“Just the type of blither-blather I need right now.” Peter unrav-eled the fringe of his scarf. “What if I say the wrong thing? I’ve never met an Englishman.”
Thigh-high boots cut through the mist followed by a sweeping cape and wide-brimmed Cavalier hat adorned by an ostrich feather.
“Is that him?” Peter asked.
“Who else would it be?” Baby Doe giggled, astonished by the exotic creature who towered above them by a good two feet.
Under his whirling cape, the famous English poet wore velvet knee-britches and a lace collared shirt. Long hair curled about his shoulders, framing a long, horsey face. His sensuous mouth and languid eyes promised wit, charm and something decidedly wicked.
“Mr. Wilde, welcome to Denver.” Peter bowed, looking rather like a court jester. “I’m Peter McCourt, stage manager of the Tabor Grand. I’m to be your escort.”
“Well, tra, la, la.” He held his hand out for Peter to kiss. Peter’s mouth pursed, then he offered a handshake.
Wilde lowered long lashes. “You’re adorable, Peter. May I call you that? And who is this divine creature?”
“This is my sister, Lizz— This is Baby Doe.”
Still dizzy from her cracked head, she curtsied best she could, holding her plumed hat, remarkably like Wilde’s.
“The Almighty broke the mold when he made you two.” His half-lidded eyes goggled them. “So pretty. And bite-sized.” He snapped his large teeth, making her smile.
“I hope you’ll like your dressing room.” Peter cocked his eyebrow.
“Lead the way, pretty boy.” Wilde took his arm while his coach- man pulled a trolley of trunks.
“I see you plan to teach Denver about fashion, Mr. Wilde,” she said.
“Only one thing to know, darling girl. Fashion is what one wears oneself. What is unfashionable is what other people wear.”
“This way, Mr. Wilde,” Peter said.
Wilde leaned so close to her brother’s ear, he could have nibbled it. “Call me Oscar, dear boy. My closest friends do.”
Peter’s cheeks burned bright as he led them into the Tabor Grand. Wilde pirouetted, his cape swirling around him, taking in the magnificence of the theater. “Flourishes, upon flourishes, upon flourishes.”
“One can never have too many flourishes.” She pointed out their plumes. “I like your hat.”
“You’re the only woman in the world who’d have known the right hat to wear on an occasion like this, Mrs. Doe.”
“Not Mrs. Doe. Just Baby Doe.” So tired of slurking around, she told the truth.
“She’s divorced,” Peter boasted. “And recovering from a horri-ble trauma.”
“I prefer women with a past.” Wilde winked. “They’re always so damned amusing.”
Peter inserted a long skeleton key into the dressing room door. “Don’t give up on love, darling,” Wilde advised her. “One should always be in love. That’s the reason one should never marry.”
“Oh, I’m in love, all right,” she confessed. “But he’s already mar-ried, so I’m living incognito.”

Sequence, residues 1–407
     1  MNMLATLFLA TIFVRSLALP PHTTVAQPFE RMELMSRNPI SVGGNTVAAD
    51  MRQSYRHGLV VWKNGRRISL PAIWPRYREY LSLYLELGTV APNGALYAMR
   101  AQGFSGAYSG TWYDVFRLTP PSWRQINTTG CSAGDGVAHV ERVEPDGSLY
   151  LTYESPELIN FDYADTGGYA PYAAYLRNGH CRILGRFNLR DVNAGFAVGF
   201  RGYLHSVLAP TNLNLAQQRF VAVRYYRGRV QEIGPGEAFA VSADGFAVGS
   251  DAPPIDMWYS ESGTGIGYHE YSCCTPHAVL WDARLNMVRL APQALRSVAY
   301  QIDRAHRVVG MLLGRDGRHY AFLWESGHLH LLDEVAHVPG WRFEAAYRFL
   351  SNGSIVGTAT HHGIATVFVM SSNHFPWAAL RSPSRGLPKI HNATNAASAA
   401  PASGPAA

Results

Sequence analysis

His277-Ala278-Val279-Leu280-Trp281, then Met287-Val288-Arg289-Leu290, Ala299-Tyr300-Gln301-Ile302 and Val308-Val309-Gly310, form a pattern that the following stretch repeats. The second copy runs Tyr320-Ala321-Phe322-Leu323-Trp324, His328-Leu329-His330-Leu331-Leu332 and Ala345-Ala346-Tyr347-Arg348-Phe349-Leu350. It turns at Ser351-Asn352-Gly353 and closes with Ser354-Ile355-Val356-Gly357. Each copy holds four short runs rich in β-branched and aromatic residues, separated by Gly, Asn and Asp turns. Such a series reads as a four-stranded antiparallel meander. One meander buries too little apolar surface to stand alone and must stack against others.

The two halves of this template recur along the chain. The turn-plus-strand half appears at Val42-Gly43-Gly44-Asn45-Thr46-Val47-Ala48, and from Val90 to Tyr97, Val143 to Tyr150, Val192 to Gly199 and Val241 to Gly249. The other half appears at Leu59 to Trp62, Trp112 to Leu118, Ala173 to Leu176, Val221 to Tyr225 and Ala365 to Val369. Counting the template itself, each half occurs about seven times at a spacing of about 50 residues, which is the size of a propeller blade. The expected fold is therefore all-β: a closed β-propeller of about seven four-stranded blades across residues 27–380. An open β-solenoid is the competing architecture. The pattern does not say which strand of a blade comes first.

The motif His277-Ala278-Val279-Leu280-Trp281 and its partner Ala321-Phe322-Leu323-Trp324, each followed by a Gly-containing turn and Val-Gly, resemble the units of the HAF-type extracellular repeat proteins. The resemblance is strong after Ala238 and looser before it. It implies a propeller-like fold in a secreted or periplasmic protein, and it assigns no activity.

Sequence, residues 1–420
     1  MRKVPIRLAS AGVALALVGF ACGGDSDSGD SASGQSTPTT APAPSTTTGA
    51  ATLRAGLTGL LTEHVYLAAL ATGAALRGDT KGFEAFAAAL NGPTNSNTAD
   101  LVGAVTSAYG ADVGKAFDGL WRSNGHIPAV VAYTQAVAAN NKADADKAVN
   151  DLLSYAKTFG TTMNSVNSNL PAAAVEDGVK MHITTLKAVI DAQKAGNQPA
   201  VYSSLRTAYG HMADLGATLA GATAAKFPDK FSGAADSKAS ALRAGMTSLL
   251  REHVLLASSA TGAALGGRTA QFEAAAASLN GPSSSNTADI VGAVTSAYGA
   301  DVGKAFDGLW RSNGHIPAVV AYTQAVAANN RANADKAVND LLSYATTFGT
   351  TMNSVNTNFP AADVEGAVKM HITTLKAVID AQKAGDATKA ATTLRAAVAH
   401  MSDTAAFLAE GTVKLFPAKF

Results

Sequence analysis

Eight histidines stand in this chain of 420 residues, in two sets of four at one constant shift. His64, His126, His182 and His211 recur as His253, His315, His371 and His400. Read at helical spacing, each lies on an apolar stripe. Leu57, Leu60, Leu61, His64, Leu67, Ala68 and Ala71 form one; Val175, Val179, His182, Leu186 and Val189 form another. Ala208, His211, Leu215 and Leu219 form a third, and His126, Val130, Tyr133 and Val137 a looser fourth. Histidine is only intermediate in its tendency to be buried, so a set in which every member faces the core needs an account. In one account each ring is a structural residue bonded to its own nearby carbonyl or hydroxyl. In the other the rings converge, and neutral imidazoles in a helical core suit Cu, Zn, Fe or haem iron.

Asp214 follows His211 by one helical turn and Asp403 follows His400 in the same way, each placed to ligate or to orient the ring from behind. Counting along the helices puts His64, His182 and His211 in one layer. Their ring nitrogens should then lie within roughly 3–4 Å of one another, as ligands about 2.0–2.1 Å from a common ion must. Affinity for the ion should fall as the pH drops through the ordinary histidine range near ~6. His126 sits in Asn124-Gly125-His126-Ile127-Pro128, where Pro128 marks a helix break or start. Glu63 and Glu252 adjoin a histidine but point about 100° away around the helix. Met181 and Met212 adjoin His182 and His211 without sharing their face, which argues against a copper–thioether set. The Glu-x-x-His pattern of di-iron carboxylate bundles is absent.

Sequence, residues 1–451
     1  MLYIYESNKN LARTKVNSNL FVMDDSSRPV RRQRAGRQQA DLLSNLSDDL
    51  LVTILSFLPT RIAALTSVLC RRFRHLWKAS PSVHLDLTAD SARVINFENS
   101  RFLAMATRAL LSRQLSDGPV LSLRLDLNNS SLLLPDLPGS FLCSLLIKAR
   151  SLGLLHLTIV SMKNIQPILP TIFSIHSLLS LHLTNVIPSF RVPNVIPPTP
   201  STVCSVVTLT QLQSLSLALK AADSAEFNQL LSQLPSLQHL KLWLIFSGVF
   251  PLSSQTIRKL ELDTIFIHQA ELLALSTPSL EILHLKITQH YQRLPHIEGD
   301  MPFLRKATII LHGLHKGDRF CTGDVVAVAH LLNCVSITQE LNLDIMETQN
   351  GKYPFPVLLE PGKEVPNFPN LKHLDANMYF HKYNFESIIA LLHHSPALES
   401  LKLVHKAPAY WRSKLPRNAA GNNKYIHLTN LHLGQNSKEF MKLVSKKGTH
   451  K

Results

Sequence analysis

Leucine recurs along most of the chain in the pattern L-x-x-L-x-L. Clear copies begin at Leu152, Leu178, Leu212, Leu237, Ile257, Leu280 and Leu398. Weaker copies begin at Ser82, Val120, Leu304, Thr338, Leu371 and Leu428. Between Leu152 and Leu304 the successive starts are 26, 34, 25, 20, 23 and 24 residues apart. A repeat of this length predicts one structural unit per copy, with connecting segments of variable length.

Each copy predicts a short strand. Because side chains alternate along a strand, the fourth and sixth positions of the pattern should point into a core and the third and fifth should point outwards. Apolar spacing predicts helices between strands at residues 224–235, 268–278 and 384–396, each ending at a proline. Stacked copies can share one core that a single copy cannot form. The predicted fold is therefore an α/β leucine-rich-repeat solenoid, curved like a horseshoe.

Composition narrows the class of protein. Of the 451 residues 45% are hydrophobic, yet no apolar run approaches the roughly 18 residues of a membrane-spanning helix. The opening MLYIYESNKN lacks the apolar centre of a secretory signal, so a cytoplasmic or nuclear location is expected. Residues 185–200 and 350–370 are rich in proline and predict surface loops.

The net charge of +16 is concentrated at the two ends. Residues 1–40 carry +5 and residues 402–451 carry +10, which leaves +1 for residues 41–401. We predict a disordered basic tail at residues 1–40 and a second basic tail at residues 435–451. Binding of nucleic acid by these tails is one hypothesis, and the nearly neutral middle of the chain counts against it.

“Incognito is my favorite word besides outrageous.” He twirled a lock of hair on his finger. “We must continue this conversation over absinthe, later?”
“I know just the place,” she said, thinking of Gahan’s.
Peter opened the dressing room door. “We’ve booked a full house for your show tonight. Mr. Tabor was sorry to miss your show but promised to meet us at his theater in Leadville.”
Wilde circled the dressing room Peter decorated, stopping to sniff the sunflowers. Spreading goose-liver pâté on a toast point, he ate it and groaned with pleasure. He draped his body across a Parisian sofa with a salacious grin. “Someone did his homework. All my favorite things.”
Peter twisted the cage off champagne, and Wilde cackled. He held up his glass. “To charming siblings.”
“To charm.” She clinked his glass and set it aside. Champagne added to her wooziness.
“I don’t know that women are always rewarded for being charming,” Wilde said. “I think they’re usually punished for it.”
Peter read the Denver Tribune. “Regardless of what you have heard about Mr. Wilde’s character, he is more famous than any English celebrity except Charles Dickens.”
Wilde’s fingers fumbled tying his silk jabot. “The public has an insatiable curiosity to know everything except what is worth knowing.”
Peter helped him tie his jabot. “Don’t worry, Denver’s ready to hear your advice.”
“It is always silly to give advice.” Wilde bit his lip. “But to give good advice is fatal.”
“On that note, we’ll let you rest before your performance.” Baby Doe gestured to her brother.
“Won’t you stay, Peter?” Wilde plucked a sunflower petal and held it out. “It would really help my jitters.”
Peter took the petal and waved her away. “We will meet you after the show.”
We. She shut the door behind her. Fog foretells that something hidden that will soon be revealed. Mam’s superstitions proved true more often than not.